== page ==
What Associations Need to Know About Paid Family Leave
Different U.S. states have different statutes for paid or unpaid family leave. Understanding the requirements of each jurisdiction where you have employees and educating managers about these requirements can help associations stay ahead on this important issue.
There’s been a recent rise in the number of U.S. states that have or will soon have statewide paid family and medical leave programs in place.
As of September 2023, eight states and Washington, DC, have paid leave benefits available, according to New America. Meanwhile, Colorado will start offering paid leave in January 2024, and four additional states enacted paid family and medical leave programs that will begin paying benefits in 2026.
As more states make these offerings available and with the rise of remote work, associations may find themselves with employees working in different states with varying paid or unpaid leave requirements.
Typical categories of paid leave may cover an employee’s medical absence or disability; absences for pregnancy, childbirth, or bonding with a new baby; caring for a family member with a serious health condition; absences for civic duties, such as serving on a jury, voting, or certain military or state or national guard service leaves; or absences because the employee is a victim of or needs to provide support to someone victimized by domestic violence or stalking.
“There’s no substitute for checking the paid and unpaid leave requirements in each jurisdiction in which your association has employees,” said Julia Judish, special counsel at Pillsbury Winthrop Shaw Pittman LLP.
She shared how determining a baseline of benefits that is fair and competitive, providing transparent information to staff, and educating managers about requirements can help associations stay above the curve on this issue and retain talent.
Determine Baseline for Paid Family Leave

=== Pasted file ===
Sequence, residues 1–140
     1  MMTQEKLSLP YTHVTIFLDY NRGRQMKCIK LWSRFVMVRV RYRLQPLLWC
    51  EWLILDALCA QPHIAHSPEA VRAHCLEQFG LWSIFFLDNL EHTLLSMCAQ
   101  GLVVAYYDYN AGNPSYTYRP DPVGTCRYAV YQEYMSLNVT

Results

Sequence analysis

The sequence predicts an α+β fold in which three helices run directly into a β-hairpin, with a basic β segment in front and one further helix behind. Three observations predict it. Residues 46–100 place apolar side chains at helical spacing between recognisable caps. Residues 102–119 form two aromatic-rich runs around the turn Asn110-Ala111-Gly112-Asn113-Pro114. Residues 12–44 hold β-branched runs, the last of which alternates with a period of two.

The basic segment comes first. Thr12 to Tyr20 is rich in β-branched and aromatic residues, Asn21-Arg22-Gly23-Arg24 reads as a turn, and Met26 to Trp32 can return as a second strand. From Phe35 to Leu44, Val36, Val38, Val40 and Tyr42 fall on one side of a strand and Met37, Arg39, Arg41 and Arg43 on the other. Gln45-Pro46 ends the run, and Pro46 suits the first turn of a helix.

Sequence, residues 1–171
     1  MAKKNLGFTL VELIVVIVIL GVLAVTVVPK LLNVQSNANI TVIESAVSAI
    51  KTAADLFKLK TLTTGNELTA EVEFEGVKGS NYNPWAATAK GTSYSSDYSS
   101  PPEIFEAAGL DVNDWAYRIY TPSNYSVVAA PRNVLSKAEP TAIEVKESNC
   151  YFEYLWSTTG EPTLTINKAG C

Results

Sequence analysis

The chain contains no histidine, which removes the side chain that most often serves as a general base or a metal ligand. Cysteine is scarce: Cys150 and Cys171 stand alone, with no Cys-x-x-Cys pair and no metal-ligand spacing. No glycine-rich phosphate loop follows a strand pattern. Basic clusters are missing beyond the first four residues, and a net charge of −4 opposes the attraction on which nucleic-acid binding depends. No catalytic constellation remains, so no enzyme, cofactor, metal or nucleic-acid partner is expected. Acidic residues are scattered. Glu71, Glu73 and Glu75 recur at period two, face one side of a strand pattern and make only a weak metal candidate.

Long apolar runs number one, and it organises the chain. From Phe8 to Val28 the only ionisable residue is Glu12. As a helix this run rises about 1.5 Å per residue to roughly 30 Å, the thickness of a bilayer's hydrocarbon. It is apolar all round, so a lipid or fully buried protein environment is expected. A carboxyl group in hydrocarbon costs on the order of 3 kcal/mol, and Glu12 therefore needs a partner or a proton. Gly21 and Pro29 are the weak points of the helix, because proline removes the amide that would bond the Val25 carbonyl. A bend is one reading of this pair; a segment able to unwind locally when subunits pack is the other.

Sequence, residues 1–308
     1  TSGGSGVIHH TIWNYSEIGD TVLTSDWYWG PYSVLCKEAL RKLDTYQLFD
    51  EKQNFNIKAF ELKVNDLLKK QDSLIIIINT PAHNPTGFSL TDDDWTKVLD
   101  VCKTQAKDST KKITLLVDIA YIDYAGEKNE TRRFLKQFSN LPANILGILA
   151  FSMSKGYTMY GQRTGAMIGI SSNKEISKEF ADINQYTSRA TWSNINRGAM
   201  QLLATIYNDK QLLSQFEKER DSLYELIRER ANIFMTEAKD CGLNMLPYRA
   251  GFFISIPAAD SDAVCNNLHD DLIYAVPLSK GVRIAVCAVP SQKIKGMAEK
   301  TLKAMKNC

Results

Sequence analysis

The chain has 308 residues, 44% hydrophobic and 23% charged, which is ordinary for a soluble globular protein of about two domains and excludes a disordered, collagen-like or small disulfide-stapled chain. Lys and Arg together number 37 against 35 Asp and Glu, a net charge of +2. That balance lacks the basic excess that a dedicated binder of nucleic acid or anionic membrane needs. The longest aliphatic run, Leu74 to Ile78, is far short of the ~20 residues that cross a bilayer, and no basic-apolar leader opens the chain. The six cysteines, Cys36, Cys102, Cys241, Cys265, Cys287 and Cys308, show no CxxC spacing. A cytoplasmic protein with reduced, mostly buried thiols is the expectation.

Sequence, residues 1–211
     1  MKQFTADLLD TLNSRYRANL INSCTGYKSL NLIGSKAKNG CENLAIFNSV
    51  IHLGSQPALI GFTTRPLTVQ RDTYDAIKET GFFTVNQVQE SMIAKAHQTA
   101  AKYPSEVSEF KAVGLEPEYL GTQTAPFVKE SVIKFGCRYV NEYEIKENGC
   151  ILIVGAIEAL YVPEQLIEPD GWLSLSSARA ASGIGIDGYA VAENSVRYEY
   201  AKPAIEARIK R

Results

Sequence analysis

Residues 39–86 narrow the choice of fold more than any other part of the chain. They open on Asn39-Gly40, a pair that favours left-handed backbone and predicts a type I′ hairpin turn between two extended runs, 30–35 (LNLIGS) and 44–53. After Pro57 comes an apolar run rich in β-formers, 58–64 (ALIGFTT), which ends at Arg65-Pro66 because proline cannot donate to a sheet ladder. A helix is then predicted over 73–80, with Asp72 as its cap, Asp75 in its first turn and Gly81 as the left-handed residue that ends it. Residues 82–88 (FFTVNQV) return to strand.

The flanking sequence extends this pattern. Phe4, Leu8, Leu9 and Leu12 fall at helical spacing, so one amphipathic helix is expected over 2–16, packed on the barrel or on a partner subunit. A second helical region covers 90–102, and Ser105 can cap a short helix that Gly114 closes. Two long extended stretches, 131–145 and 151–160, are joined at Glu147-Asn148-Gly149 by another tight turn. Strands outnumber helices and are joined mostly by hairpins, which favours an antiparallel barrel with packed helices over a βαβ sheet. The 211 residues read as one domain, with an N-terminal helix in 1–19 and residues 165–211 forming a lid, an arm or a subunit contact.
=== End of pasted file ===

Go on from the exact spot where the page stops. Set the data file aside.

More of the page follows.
Associations should ensure that they understand what is required from each jurisdiction where they have employees and decide on a baseline of benefits.
For example, in DC, the paid family leave structure is done through a payroll tax on DC-based employers. It’s paid for by the employer and the employee applies for benefits for qualifying absences directly from the government. In New York, employees also apply to the government for benefits, but the employer can take deductions from the employee to fund those benefits.
“If your association has employees working in states with different laws, you need to decide whether you’re going to vary your policy offerings depending on the location of the employee,” Judish said.
According to Judish, if an association has employees who work in DC and in other states, that association may decide to offer more generous paid leave benefits to employees outside of DC because DC-based employees have access to government paid benefits.
According to Judish, paid leave entitlements often overlap and run concurrently with rights to unpaid leave under federal or state Family and Medical Leave Act (FMLA) laws, with rights to disability accommodations, or with other statutory rights (e.g., jury leave, military leave) or association plan benefits (e.g., short-term or long-term disability benefits).
“Associations should provide employees required notices of their rights and track those leave entitlements,” she said.
In states without paid leave statutes, associations have considerable leeway in defining what voluntary benefits to offer employees. Both for morale and to protect against discrimination claims, however, it is important that associations offer and administer those paid leave benefits in a fair and consistent way.
“Associations should also provide clear and transparent information to employees about their paid leave rights, what kinds of absences qualify for paid leave, and what notice or documentation requirements the associations have,” Judish said.
Judish recommends that associations educate managers about leave policies, especially about legally protected leave benefits.
“It can be effective to have in-person or virtual meetings with live participation with managers where HR provides an overview of the benefits and an overview of the issues managers should be aware of, as well as the managers’ obligations,” she said.
These meetings are a good opportunity for managers to ask questions or raise concerns. According to Judish, educating managers on leave policies helps ensure they report qualifying absences to HR so that the absences can be tracked against the employee’s entitlement and that they don’t hold qualifying absences against employees.
“If you don’t provide employees with protected time off, paid or unpaid, you’re going to wind up terminating employees you want to keep because of personal issues that will arise in their lives,” she said.